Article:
Yale Young African Scholars celebrates 5th anniversary

Yaa Oparebea Ampofo ’16, Mentorship Coordinator for the Yale Young African Scholars program, with a group of students.
Yaa Oparebea Ampofo ’16, Mentorship Coordinator for the Yale Young African Scholars program, with a group of students.

When Yale President Peter Salovey announced the Yale Africa Initiative in 2013, he inspired several Yale students from the continent to work toward achieving his goal of “bringing Africa to Yale and Yale to Africa.”

The students wanted to find a way to expose students in Africa to the experience of studying at a university like Yale before they apply to college, as well as advice on submitting a strong application. They consulted Ian Shapiro, Sterling Professor of Political Science and director of the The Whitney and Betty MacMillan Center for International and Area Studies, who embraced the idea.

With funds contributed by the MacMillan Center, Yaa Oparebea Ampofo ’16 B.A. and several other African students designed and piloted Yale Young African Scholars (YYAS), a week-long program designed to introduce high school students to the concept of a liberal arts education in the United States and to the process of applying for admission and financial aid.

Often African students on the continent struggle with the process of applying to universities abroad,” said Ampofo. “They lack information about how to complete the forms, about what requirements they have to meet, and especially about financial aid options. We wanted our peers back home to know what incredible opportunities are out here for them, and we wanted to share our advice as students who’d gone through the U.S. university application process successfully.”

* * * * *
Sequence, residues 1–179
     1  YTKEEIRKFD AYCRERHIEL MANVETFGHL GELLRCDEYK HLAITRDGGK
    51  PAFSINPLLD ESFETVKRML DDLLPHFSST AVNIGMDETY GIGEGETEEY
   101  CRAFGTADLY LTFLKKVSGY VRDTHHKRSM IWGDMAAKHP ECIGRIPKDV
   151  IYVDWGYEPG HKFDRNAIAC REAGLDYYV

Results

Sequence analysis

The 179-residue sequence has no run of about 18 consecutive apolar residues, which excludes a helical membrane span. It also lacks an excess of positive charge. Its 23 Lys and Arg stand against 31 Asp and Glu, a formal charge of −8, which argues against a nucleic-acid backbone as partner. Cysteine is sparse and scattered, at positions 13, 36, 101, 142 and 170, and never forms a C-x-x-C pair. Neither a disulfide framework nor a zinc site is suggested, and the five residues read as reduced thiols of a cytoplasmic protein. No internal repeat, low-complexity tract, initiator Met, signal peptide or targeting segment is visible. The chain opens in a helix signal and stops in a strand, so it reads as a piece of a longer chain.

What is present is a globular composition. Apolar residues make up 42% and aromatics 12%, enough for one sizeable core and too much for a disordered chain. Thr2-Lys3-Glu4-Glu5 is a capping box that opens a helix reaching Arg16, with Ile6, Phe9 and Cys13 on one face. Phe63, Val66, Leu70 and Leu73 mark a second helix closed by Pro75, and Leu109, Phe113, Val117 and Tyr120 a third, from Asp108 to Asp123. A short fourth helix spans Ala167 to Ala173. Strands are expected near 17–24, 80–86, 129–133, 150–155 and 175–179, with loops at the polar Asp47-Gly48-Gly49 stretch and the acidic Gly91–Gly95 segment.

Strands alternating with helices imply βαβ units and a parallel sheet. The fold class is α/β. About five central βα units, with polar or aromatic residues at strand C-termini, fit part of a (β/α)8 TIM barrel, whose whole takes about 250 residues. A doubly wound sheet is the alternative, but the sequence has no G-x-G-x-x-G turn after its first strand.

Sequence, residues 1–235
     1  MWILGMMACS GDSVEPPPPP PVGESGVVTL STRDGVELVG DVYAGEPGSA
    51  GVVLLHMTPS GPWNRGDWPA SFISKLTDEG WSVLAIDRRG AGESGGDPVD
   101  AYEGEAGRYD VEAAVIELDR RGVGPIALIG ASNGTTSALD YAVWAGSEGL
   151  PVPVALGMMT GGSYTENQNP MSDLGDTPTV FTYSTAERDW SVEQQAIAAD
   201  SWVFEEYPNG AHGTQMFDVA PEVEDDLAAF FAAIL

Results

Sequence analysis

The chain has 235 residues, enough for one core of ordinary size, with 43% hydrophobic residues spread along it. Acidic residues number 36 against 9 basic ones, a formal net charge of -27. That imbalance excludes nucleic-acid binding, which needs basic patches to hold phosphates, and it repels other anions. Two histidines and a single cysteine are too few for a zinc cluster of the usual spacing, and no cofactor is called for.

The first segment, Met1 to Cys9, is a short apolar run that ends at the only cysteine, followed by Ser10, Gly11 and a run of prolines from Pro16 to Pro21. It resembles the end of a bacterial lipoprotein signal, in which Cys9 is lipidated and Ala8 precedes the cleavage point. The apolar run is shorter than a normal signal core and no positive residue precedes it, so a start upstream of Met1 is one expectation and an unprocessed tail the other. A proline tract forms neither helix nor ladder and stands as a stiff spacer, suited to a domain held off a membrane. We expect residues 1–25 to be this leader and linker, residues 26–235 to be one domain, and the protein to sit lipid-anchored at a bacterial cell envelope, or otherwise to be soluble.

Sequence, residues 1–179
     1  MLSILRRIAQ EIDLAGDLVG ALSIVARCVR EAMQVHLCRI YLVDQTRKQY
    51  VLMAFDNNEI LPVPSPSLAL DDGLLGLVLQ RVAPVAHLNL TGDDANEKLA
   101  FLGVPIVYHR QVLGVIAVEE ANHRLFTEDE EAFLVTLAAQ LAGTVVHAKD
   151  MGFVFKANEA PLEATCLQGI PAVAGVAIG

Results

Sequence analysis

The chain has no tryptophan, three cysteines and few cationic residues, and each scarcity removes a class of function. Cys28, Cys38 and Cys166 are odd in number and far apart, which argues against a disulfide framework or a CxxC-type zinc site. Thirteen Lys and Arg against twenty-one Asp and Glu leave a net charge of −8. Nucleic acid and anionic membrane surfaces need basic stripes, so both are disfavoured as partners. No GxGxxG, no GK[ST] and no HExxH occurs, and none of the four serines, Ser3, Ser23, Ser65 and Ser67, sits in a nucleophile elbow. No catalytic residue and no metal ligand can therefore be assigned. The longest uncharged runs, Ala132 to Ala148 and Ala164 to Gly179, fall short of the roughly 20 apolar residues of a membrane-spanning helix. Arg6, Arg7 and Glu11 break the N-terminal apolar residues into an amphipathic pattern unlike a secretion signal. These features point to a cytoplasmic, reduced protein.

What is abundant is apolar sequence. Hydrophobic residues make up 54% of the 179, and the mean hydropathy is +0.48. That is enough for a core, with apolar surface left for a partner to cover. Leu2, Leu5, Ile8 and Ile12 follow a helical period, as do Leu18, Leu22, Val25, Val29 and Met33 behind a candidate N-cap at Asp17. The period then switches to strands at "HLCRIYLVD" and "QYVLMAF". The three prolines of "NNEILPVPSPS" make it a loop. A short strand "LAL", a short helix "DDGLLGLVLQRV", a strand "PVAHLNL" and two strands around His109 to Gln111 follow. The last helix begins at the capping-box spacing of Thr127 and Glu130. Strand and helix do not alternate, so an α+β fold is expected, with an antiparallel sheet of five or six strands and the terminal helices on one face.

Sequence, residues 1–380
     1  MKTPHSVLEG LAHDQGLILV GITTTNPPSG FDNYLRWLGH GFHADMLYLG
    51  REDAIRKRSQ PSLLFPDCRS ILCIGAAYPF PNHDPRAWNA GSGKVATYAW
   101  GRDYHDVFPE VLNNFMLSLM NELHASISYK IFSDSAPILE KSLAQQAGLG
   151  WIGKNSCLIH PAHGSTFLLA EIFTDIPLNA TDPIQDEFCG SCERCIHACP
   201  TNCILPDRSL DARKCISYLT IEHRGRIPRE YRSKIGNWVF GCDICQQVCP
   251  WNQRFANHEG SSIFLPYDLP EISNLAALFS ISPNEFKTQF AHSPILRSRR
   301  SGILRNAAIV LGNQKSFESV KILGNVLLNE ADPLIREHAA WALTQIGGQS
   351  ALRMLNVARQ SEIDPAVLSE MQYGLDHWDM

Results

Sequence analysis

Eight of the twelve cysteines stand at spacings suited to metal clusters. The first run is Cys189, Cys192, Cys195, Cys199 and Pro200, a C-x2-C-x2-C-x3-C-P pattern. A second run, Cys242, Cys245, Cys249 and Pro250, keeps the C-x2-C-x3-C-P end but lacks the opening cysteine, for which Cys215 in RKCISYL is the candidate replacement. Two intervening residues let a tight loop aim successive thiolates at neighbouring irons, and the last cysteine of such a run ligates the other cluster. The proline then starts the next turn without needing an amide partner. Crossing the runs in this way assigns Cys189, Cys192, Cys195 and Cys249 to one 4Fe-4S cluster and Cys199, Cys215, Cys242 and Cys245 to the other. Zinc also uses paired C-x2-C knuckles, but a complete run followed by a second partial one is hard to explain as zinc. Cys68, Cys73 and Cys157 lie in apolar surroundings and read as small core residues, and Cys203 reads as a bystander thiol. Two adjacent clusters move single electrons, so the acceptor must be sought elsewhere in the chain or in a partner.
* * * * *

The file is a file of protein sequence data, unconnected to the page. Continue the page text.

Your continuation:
Rebekah Westphal, then-director of international admissions for Yale College, and Erin Schutte Wadzinski, director of the Yale Young Global Scholars program (YYGS), helped the students create a comprehensive YYAS pilot program, which launched in the summer of 2014.

Inaugural sessions in Ghana and Ethiopia

To gain visibility and get the program up and running, the YYAS team developed an application form, which the Yale students distributed through their networks back home. In their first year they received more than 1,200 applications from 15 countries. They selected 100 participants and ran the first YYAS sessions in Ghana and Ethiopia during July and August 2014.

In seminars and discusion groups, the Yalies offered an introduction to university academics and provided training for taking the SAT (the standardized test is often foreign and challenging to international students). Also, the Yale students shared their personal experiences and offered encouragement to the participants.